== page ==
June 13, 2024
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Yom Hazikaron—But Whose?

Rosh Hashanah

In general, when we recall the haftarot of Rosh Hashanah, we generally think back to the reading from the beginning of Sefer Shmuel, i.e., the haftarah of the first day of the Yom Tov. That might be because we are more familiar with the story of the birth of Shmuel HaNavi, as many of us learned the story while we were in elementary school or, perhaps, because it is a simple story, easy to remember, since it parallels the story of our barren matriarchs who, according to tradition, were remembered on Rosh Hashanah.

Yet, the reading for the second day, a selection from the 31st perek of Sefer Yirmiyahu, is equally memorable and, once we reveal the underlying messages of the navi, we should find it difficult to forget. At first glance it would seem to be a strange choice for the haftarah of Rosh Hashanah. When listening to the prophet’s message we would imagine that its proper place is as one of the haftarot of consolation, the series of prophetic visions that we just completed last Shabbat. The magnificent description of the tearful masses returning to Tzion from all corners of the earth, “bam iver ufise’ach, harah v’yoledet yachdav,” the promise that the blind and the lame, the pregnant and the birthing mothers will all be part of this return to Jerusalem, is a prophecy so powerful and uplifting that we would expect it to be read during those weeks of post-Churban mourning. The promise of how Hashem will guard over His flock after gathering them to their land, the depiction of the great economic success they will find there and the rejoicing that will fill the streets—would have been especially meaningful if it were read over the last two months.

But what connection does it have to Rosh Hashanah and the theme of teshuva?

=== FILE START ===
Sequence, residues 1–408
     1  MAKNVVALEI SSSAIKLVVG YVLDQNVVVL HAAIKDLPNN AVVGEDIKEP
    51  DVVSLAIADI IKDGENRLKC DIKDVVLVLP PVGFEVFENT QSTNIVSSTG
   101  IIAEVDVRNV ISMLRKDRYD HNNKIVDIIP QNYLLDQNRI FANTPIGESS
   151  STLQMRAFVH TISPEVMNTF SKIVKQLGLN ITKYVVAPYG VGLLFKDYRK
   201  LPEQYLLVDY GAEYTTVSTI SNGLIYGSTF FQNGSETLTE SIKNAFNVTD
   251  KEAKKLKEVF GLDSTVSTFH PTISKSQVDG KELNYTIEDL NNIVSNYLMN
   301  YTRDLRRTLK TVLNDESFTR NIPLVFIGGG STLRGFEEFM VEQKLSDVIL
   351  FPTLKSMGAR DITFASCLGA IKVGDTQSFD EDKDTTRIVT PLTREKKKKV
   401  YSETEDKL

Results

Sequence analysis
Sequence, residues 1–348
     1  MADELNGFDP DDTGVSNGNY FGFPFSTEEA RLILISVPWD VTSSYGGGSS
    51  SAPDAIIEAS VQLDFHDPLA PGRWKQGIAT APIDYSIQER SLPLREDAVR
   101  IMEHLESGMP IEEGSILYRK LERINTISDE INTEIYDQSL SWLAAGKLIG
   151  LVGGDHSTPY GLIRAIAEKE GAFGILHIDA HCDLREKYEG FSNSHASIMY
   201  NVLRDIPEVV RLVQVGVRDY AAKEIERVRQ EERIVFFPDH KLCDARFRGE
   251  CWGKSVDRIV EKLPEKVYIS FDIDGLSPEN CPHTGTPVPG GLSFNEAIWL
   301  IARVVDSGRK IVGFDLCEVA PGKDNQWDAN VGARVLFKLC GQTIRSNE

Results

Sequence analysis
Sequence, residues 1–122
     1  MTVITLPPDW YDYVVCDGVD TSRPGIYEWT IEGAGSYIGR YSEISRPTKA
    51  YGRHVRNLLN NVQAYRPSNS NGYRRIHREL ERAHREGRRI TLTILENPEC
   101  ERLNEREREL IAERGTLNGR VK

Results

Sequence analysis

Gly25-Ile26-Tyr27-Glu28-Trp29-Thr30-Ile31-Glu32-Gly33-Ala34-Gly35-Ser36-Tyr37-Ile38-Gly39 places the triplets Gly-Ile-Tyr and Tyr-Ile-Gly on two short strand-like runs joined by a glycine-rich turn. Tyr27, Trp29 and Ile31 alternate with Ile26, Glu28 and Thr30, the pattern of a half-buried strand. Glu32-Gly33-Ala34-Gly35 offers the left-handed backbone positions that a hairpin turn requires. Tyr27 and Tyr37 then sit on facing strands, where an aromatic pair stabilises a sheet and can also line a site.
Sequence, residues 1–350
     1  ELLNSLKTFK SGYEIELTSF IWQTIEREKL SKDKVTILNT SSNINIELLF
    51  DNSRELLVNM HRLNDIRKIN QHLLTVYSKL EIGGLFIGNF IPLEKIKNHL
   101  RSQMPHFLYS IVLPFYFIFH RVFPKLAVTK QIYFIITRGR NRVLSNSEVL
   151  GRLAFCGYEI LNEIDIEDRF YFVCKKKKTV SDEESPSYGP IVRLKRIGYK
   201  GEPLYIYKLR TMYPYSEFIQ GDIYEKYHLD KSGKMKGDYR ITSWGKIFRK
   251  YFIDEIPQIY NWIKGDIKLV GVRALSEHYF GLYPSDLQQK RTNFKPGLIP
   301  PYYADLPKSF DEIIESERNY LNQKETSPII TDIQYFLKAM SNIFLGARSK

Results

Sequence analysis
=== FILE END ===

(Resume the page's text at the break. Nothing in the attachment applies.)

I would argue that this reading has a crucial connection to the day, and one all-too-often ignored. “Teshuva,” in essence, means “return” and is usually defined as “repentance,” as we look to return to God. That word can also be understood to mean “homecoming,” a return to our roots and our land, as Chief Rabbi Jonathan Sacks, z”l, teaches. In this way, the haftarah reflects a different type of return—but a return that is part of the teshuva process. But there is another return that we do not often realize: the return of Hashem to His people!

I turn your attention to the final pesukim of the haftarah that clearly express this “return” of God. We read of the mournful Rachel Imenu crying over the exile of her children and God’s promise that her tears are not in vain for He guarantees their return to the land. It is then that Hashem says that He has heard cries of Ephraim, the people of Israel, who are filled with remorse and shame for how they have behaved. So God responds—a response so powerful that it is part of our Musaf tefillah.

“Haven yakir li Ephraim—im yeled sha’ashu’im? ….al ken hamu me’ai lo, rachem arachamenu…” “Is not Ephraim my cherished son? (Therefore) I long for him and will tender him compassion.” Israel cries to return to God but believes that Hashem has “forgotten” and abandoned them! They do not believe that they can return to Him! And God responds that He could never forget His cherished people. He always thinks of them and remembers them!

Rosh Hashanah is the Yom Hazikaron, the day of remembrance. But it is not only we who remember Hashem and seek to return to Him. It is also God Who remembers us and thirsts for our teshuva, for our return.

So, I ask you: Is there a better message for Rosh Hashanah? The navi who tells us that we must remember Hashem and do teshuva on this day is the very same navi who tells us that Hashem remembers us always and longs for our return.


Rabbi Neil Winkler is the rabbi emeritus of the Young Israel Fort Lee and now lives in Israel.

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